But I wonder: Would the man with the stub-tailed dog tap a gun-toting robber on the shoulder and say, I’m pretty sure what you’re doing goes against the rules?  There are greater crimes than not picking up after your pet; bigger concerns than the woman taking the dog into Target.  And besides, as a law-abiding citizen, I have no need for this man to park his conscience upon my shoulder.
Or do I?
Well, there was that time we sneaked Destructo into the hotel to avoid paying the hundred dollar surcharge on pets.  And, well, yeah, that other time when I took him into Starbucks in an Old Navy duffel bag.  But…
But what? I tell myself I’m a law-abiding citizen.  I get angry when someone tells me how to follow the rules.  And yet, I readily break them.  What gives?
I’ve thought about this during the four weeks we’ve had Destructo.  And this is what I’ve come up with: I have no problem breaking rules I consider inapplicable to my situation.  Destructo is a service puppy in training.  Why should I have to pay the additional hotel costs when he made no mess?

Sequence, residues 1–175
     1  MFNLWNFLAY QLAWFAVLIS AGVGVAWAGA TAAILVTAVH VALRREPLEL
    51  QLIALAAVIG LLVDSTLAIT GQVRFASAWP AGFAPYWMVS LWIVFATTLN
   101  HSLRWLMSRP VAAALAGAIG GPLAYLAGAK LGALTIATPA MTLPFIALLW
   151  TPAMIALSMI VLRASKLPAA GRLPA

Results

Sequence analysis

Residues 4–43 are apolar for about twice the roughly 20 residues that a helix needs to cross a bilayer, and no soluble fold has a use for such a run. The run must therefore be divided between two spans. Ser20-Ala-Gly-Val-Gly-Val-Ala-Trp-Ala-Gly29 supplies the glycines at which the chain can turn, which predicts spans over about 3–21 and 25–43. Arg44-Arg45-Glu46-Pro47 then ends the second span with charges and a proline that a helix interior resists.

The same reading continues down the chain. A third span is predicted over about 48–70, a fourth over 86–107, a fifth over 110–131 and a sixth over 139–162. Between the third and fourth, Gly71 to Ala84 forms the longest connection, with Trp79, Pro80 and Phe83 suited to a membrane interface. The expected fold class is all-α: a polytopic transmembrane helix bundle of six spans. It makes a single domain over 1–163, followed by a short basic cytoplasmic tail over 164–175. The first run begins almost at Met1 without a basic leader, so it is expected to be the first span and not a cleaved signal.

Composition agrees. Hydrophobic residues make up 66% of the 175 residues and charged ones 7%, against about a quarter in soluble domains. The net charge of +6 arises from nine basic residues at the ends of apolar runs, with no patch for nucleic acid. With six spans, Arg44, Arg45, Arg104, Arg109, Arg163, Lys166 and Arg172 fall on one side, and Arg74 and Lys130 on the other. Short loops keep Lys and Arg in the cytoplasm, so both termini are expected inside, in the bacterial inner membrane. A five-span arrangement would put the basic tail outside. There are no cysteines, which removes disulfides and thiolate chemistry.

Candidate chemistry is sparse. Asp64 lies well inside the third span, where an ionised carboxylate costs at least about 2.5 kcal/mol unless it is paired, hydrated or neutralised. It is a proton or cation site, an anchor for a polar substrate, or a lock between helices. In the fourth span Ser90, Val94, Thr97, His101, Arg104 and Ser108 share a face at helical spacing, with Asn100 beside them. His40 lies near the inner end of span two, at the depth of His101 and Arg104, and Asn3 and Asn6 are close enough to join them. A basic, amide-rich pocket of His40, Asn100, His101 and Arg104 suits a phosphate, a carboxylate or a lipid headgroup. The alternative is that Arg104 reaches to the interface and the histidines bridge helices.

What I’m uncomfortable with is getting caught: I don’t like other people knowing (or believing) that I’ve broken the rules.  I don’t like people thinking I’ve done Something Bad.  So whenever someone comes into the library and asks to pet the dog, I immediately explain away the dog’s presence in the same way the man with the stub-tailed dog felt compelled to explain that he wasn’t the one who docked his dog’s tail.  Don’t blame us, our actions seem to say.  We’re just the innocent bystanders here.
And all this thinking about rules and the fact that I’m willing to break them leaves me wondering:  Was the guy with the stub-tailed dog one of the good guys or a major pain in the neck?